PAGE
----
Chapter

Similitude and Global Relationships

Jeremy Prestholdt

in Domesticating the World

Published by University of California Press

Published in print January 2008 | ISBN: 9780520254244
Published online March 2012 | e-ISBN: 9780520941472 | DOI: http://dx.doi.org/10.1525/california/9780520254244.003.0002
Similitude and Global Relationships

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The town of Mutsamudu is located on Nzwani (Anjouan) Island in the Mozambique Channel. The people of Mutsamudu, or the Mutsamuduans, created an intimacy with a global power and parlayed their claims to a special relationship with Britain into gaining economic and political support. Mutsamuduans claimed a moral proximity and similarity to the English that convinced Britons to view them differently, to imagine them as people in some way similar to themselves. Mutsamuduans were largely successful at using things that signified Englishness to direct imperial means to local ends. The chapter reveals through this example the efficacy of cross-cultural performances of similarity on the stage of global relation. It demonstrates how the strategic uses of imported symbols affected the producers of those symbols and ultimately their relation to Nzwanians. Nzwanians relied on similitude to affect relations with diverse foreigners, including Arab, French, and American visitors.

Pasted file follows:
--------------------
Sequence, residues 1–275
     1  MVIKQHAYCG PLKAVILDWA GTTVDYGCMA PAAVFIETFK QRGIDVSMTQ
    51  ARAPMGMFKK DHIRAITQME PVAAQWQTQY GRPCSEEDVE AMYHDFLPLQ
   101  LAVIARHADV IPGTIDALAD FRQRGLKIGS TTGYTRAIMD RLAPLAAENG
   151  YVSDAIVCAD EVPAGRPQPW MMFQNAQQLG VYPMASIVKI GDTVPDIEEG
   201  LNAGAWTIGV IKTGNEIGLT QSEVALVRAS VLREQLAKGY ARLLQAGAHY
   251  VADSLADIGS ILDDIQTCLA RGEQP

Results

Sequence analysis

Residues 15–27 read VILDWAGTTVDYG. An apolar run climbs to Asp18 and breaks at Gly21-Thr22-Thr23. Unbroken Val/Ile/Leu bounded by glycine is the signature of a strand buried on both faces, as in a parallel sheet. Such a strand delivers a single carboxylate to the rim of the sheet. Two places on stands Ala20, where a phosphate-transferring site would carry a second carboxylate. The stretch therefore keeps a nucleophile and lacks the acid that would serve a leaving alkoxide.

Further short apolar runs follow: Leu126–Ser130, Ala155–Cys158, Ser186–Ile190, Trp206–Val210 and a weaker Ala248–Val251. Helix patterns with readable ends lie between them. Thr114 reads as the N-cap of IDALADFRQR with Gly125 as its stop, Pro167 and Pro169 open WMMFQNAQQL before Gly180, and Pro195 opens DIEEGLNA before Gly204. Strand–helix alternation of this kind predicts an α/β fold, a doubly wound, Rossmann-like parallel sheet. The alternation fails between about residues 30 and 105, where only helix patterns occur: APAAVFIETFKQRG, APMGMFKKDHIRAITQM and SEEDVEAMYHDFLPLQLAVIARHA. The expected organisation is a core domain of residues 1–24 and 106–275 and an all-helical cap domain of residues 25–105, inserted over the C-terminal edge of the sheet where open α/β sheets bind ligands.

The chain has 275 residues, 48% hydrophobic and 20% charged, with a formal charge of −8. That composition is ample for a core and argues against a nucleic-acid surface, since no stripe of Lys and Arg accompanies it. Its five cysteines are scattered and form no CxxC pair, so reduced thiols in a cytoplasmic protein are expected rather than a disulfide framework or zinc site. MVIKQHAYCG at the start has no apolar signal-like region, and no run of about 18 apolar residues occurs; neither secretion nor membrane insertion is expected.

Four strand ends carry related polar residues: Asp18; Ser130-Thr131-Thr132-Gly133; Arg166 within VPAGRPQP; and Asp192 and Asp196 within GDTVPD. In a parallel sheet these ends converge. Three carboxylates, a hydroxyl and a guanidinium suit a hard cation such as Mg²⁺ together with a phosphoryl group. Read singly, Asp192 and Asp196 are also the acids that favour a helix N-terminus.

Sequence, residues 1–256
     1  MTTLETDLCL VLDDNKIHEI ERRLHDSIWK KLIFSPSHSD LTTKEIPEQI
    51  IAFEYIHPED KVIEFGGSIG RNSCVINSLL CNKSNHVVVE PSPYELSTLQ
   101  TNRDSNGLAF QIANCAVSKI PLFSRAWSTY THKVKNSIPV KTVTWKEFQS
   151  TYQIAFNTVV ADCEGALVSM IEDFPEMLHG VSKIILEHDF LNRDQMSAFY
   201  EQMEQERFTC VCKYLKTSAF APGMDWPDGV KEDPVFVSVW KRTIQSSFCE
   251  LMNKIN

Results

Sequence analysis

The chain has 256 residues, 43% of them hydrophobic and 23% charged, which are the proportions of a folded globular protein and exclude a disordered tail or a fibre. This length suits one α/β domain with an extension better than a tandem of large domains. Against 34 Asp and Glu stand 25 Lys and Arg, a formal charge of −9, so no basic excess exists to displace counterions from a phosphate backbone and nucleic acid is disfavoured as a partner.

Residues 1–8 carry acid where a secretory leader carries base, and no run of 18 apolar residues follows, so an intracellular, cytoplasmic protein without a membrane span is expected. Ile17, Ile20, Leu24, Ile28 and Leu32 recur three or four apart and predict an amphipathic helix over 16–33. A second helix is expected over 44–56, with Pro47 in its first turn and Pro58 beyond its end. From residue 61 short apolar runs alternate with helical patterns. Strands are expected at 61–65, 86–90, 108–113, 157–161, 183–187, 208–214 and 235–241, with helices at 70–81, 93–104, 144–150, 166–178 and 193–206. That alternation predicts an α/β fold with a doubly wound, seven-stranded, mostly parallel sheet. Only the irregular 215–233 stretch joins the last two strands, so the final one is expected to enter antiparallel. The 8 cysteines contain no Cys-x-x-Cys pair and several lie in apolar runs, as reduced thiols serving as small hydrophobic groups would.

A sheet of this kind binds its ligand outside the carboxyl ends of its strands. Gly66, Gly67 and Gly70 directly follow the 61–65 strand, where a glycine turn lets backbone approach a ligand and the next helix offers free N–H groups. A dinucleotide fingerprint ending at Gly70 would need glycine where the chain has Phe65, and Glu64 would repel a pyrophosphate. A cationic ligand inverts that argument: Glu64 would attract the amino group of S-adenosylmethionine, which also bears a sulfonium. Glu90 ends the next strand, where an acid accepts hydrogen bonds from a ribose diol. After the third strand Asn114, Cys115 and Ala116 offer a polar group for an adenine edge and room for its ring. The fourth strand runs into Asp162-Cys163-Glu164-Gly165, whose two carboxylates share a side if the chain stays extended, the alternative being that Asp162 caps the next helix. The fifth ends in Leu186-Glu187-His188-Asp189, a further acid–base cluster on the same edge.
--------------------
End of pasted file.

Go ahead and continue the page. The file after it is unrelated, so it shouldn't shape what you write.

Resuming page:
Keywords: Britons; Mutsamudu; Mutsamuduans; cross-culture; Nzwanians; relationship

Chapter.  8778 words. 

Subjects: Modern History (1700 to 1945)

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